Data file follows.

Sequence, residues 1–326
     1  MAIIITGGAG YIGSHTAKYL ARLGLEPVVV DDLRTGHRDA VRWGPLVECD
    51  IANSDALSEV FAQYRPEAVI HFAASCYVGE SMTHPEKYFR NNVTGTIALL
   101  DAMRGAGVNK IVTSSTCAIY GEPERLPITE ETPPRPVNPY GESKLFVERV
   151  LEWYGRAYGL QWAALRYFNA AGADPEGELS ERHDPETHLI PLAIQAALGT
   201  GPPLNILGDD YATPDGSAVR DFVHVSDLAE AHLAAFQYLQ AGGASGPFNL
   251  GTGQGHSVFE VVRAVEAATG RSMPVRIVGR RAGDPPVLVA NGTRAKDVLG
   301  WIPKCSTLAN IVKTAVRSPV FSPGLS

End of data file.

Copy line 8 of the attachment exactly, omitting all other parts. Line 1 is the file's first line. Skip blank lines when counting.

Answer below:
   301  WIPKCSTLAN IVKTAVRSPV FSPGLS